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Epidural steroid injections

What is epidural space?

The spinal cord is covered by small layers of linings that encircle it. The space between the two outer layers is called epidural space that is filled with fat and blood vessels.

The needle is placed in the epidural space and steroids along with normal saline or local anesthetics are injected to flush out chemical irritants that may be the source of back and leg pain. Steroids reduce the swelling and inflammation around the nerve roots. It does not shrink back the herniated disk.

Sciatica

Sciatica is caused by the compression on the spinal nerves, usually by a herniated disk. The other sources of nerve compression may be spinal stenosis that is tightness of the spinal columns around the cord or degenerative arthritis with tightness around the nerve root openings.

In most cases, acute sciatica settles down itself in four-six weeks with conservative treatment, including anti-inflammatory medications and physical therapy. If patient doesn’t respond to conservative treatment, epidural steroid may help the recovery process.

Procedure details

Procedure is performed in a physician’s office or surgery center. Light sedation is used to make it comfortable for the patient in the surgery center. A needle is carefully placed in the epidural space under fluoroscopy. A small dose of dye is injected to confirm the position of the needle in the epidural space. It is followed by injected steroids along with local anesthetics.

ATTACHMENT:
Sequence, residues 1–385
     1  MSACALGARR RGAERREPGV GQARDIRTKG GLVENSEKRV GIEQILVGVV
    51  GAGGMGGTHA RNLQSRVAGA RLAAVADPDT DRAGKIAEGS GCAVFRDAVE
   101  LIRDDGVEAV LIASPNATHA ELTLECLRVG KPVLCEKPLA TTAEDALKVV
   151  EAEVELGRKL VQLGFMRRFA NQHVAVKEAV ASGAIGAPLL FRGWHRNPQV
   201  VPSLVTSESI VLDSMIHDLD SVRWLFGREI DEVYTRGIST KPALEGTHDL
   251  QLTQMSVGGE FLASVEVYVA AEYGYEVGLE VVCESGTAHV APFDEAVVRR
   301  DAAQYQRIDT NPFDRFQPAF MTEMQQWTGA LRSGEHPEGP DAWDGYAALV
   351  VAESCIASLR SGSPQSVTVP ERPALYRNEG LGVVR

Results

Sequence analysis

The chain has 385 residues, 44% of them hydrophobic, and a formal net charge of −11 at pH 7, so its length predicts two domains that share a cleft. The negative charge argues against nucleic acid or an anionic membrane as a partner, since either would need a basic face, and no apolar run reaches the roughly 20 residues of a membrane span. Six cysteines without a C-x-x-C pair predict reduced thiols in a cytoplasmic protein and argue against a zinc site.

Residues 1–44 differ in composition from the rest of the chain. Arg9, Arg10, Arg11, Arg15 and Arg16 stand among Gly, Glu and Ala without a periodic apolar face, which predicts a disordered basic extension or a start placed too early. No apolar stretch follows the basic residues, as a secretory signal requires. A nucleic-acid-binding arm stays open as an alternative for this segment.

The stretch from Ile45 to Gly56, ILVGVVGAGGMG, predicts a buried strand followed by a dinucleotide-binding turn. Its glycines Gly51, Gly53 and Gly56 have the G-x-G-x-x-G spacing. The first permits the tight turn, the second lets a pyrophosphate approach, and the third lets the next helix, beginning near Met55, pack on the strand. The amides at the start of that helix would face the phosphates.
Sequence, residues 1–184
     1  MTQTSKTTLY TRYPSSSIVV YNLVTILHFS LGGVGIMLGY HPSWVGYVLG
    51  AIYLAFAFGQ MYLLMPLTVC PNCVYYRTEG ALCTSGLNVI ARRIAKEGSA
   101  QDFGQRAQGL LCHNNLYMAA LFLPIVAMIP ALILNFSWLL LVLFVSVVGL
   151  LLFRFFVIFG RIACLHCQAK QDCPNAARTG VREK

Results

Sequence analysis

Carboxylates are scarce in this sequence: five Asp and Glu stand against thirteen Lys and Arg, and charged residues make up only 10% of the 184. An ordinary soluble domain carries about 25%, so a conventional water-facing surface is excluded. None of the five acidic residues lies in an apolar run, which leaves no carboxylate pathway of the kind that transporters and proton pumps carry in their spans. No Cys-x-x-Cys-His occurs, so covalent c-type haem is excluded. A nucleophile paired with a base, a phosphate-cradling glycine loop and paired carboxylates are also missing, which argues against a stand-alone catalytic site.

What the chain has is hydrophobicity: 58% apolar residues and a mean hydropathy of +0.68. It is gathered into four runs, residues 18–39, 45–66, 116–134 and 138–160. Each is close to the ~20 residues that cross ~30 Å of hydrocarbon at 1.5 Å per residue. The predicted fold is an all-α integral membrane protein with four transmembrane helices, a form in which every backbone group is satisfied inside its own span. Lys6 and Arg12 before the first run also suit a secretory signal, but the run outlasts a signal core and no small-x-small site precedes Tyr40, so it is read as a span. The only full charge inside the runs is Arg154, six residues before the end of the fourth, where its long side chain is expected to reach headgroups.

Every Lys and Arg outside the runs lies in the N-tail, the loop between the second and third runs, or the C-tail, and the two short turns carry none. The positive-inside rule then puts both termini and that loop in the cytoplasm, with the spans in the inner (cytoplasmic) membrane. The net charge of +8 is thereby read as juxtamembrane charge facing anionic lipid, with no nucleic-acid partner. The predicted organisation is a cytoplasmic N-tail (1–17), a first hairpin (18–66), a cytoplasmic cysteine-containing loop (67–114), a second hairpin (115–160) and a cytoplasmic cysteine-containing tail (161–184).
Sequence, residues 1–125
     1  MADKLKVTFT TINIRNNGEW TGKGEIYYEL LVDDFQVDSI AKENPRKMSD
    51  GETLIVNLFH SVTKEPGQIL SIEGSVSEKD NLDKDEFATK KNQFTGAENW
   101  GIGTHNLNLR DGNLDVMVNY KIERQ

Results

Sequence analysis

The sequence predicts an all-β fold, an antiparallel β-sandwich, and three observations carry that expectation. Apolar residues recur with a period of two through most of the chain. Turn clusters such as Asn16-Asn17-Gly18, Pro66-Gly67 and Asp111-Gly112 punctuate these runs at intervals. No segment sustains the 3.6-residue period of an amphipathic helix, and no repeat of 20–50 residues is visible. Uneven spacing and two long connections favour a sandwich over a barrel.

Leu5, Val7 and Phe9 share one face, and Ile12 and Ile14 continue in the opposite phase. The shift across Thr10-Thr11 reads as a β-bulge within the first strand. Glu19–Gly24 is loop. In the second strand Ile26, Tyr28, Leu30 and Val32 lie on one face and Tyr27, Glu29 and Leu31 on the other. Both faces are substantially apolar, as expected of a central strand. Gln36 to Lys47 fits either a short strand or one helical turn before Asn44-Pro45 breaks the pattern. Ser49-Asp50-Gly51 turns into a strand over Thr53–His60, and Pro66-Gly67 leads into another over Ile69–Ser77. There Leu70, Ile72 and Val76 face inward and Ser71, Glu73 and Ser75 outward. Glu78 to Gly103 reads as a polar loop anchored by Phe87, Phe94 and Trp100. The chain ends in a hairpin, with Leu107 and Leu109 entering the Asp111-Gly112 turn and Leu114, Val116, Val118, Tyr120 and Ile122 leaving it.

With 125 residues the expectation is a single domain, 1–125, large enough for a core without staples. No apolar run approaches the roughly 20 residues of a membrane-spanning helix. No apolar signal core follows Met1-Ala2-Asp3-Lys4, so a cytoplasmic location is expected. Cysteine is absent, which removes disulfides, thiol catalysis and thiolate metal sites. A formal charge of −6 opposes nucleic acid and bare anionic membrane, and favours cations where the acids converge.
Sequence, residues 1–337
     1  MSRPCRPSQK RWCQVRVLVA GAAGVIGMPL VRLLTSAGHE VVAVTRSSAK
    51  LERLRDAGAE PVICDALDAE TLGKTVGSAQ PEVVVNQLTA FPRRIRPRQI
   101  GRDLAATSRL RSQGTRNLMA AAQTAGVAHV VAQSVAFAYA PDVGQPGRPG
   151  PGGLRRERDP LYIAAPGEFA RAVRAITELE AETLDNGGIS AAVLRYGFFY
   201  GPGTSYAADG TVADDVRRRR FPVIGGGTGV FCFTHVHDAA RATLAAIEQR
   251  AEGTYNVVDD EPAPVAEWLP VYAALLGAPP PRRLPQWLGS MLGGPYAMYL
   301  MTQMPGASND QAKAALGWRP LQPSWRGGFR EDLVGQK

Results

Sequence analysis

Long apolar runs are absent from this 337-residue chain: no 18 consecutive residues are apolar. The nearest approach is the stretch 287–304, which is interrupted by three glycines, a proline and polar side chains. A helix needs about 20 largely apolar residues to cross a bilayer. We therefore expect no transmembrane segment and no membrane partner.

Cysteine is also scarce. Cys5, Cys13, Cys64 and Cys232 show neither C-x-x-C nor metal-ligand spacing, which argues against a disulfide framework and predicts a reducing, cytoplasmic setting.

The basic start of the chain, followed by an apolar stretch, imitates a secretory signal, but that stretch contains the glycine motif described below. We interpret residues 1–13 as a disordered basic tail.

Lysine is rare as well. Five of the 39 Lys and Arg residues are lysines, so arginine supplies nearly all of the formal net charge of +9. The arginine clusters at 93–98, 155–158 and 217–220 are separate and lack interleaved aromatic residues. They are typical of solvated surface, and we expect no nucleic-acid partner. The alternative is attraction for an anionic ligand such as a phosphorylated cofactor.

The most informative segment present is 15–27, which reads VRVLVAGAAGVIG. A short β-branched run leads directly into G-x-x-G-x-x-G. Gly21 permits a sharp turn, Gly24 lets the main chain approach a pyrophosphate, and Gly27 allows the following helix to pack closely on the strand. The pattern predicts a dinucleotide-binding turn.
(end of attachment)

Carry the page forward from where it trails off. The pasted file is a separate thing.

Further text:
What to expect after the injection

About 50% of the patients experience pain relief after the epidural steroid injection that lasts from weeks to years. It may take up to 1-3 epidural injections for the pain relief. These injections are done about 2-3 weeks apart.

If sedation is used for the injection, patient is advised not to drive a motor vehicle or operate heavy machinery up to 24 hours after the procedure.

Possible complications

Possible complications are infections, bleeding, nerve damage, or spinal headaches. Spinal headaches are treated successfully by epidural blood patch.

Sleeve root injection

In a sleeve root injection, the needle is placed around the exit of the nerve roots from the spinal canal. Sleeve root injection is usually used as diagnostics tool to identify nerve root involvement as a source of pain or therapeutic purposes to relieve the pain from sciatica or neck pain.

Sleeve root injections are always performed under fluoroscopy. The complications side effects and recovery time is pretty much similar to epidural steroid injection.

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